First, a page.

Skimming is a type of fraud that occurs when a criminal places a device over an existing card reader to record the PIN or card data, which is then transferred to another card to make fraudulent purchases. These illegal devices are often undetectable and can be installed on ATMs, point-of-sale (POS) terminals, or fuel pumps.
Earlier this week, we became aware of a “deep insert” skimmer found at an ATM terminal. These ultra-thin devices are inserted into the terminal’s card reader and paired with pinhole cameras that are disguised and made to look like they are part of the terminal. These devices are thin enough to allow a card to be inserted over it without initiating anti-skimming software or interrupting the terminal’s ability to grab and return the plastic to the cardholder.
This type of skimmer is not looking for chip data. It attempts to capture the track data on the magnetic stripe that is still included on both contact and contactless plastics. Once this track data is captured, fraudulent plastics are created, and card numbers are coordinated with the keystrokes captured via the camera to determine the corresponding PIN associated with the card. Since the magnetic stripe indicates there should be a chip read on the plastic, these transactions are shifted to fallback allowing the fraudsters then use these fraudulent cards at ATM terminals to perform balance inquiries and then withdrawals until funds are exhausted.
Below are some actions you can take to prevent and share information about skimming:
- Regularly monitor your ATMs. Owners should physically monitor ATM terminals for any changes to signage or other design features on the front of the terminal. Great efforts are often taken to replace signage with very strong adhesives to mask the pinhole cameras. Reviews should look for anything loose, crooked, damaged, scratched, or anything unusual or out of place. Taking photos of the front of the terminal for comparison is a great way to ensure no modifications have been made.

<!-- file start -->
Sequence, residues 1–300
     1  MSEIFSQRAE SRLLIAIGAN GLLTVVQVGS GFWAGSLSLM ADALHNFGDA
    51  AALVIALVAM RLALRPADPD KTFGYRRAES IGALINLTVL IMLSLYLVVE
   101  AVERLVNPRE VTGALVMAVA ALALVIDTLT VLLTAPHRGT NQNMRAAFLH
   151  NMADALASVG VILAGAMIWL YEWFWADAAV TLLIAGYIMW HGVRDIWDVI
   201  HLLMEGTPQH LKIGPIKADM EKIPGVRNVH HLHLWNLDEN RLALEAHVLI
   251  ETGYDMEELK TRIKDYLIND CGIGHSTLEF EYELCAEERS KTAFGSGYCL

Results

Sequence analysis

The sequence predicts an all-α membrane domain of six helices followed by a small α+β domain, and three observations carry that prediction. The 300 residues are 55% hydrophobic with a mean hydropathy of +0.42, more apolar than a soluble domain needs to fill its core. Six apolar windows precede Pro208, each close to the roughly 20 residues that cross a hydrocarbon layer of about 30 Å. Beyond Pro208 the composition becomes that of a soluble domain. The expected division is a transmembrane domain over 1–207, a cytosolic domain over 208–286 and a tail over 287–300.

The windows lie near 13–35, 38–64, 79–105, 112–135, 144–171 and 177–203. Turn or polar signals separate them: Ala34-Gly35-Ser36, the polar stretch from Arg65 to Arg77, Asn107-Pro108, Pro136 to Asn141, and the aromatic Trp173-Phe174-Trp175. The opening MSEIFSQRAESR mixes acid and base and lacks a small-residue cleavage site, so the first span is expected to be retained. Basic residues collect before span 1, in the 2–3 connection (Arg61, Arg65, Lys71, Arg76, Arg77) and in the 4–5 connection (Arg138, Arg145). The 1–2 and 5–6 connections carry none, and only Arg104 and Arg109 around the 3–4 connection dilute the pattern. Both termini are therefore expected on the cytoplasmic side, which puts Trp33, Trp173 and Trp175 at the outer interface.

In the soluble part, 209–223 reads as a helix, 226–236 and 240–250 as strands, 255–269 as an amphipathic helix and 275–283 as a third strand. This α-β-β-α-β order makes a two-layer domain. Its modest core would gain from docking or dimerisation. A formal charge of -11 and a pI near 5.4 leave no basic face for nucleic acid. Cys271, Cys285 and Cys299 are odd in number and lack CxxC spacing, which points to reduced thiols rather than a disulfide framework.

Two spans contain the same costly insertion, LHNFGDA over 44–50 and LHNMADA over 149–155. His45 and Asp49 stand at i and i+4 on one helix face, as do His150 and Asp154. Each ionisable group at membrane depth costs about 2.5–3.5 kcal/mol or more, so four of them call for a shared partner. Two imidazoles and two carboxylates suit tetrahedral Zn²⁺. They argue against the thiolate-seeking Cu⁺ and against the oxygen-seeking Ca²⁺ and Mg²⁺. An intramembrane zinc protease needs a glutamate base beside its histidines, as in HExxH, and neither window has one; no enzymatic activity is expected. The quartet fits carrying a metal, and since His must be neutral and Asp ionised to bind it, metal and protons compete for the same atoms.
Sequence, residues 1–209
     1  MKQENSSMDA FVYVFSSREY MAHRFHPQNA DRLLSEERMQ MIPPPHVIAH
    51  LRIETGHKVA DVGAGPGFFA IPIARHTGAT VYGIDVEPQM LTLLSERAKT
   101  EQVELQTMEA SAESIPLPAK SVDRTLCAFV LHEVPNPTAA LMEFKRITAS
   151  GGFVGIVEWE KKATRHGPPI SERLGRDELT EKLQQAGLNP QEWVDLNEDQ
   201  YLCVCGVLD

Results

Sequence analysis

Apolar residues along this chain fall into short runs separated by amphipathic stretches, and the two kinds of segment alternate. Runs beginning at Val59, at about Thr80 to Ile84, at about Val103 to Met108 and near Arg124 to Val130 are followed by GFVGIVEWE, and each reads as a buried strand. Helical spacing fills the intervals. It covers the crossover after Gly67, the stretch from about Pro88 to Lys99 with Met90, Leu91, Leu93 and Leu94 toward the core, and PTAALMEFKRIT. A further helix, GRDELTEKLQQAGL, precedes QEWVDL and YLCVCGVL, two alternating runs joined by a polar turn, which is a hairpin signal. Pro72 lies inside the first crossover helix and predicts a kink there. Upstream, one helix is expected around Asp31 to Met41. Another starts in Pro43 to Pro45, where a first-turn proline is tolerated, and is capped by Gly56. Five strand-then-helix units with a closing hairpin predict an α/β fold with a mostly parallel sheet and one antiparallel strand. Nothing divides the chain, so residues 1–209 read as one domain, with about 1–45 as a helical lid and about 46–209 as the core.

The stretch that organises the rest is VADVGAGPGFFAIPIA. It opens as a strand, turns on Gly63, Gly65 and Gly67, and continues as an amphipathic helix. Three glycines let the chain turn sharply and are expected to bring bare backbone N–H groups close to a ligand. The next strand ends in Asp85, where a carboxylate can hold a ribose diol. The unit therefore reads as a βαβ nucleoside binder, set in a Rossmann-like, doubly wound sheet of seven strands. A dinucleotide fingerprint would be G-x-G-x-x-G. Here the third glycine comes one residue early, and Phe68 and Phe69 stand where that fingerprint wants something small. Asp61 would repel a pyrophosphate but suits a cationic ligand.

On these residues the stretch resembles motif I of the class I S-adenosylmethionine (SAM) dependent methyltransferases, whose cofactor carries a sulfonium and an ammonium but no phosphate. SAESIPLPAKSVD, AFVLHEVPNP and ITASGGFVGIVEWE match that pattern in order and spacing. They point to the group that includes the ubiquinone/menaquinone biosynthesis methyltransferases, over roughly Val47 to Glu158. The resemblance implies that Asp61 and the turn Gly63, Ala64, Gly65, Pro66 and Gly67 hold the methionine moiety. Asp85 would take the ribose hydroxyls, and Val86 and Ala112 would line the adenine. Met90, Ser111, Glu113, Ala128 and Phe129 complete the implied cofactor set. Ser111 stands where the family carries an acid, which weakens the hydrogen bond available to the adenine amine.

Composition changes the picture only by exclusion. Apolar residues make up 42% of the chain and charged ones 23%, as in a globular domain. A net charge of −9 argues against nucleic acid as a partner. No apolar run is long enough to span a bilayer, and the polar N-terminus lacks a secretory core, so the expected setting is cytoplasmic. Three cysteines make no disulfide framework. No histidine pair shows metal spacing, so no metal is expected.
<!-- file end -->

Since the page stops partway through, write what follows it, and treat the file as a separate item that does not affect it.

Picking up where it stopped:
- Check for keypad overlays. In some instances, overlays are placed on keypads. While monitoring devices, don’t forget to pull at the edges of the keypad to ensure it is original to the terminal.
- Install anti-skimming software. Many ATM terminal vendors offer card readers that detect tampering that can be used in conjunction with anti-skimming software. Please contact Synergent or your cards vendor to learn more about these options.
- Implement contactless card capabilities on ATM terminals to avoid the need for cardholders with contactless plastics to insert their plastic into a card reader.
- Set custom rules. Card issuers should contact their fraud analyst to discuss custom rules surrounding fallback ATM terminal transactions.
- Educate cardholders. Inform them of best practices when using an ATM terminal to help them better protect their personal information. They can choose to use a gas pump closest to the store to reduce the risk of a skimmer or may opt to pay inside. At any POS terminal, they can run their debit card as credit. And always, cover the keypad with your hand when entering a PIN.
- Report skimming. Report any suspected skimming incidents at your credit unions to law enforcement, your local credit union league, and Synergent to help keep credit unions and their members informed.
Synergent’s fraud prevention experts are here to help. Contact us today with your questions.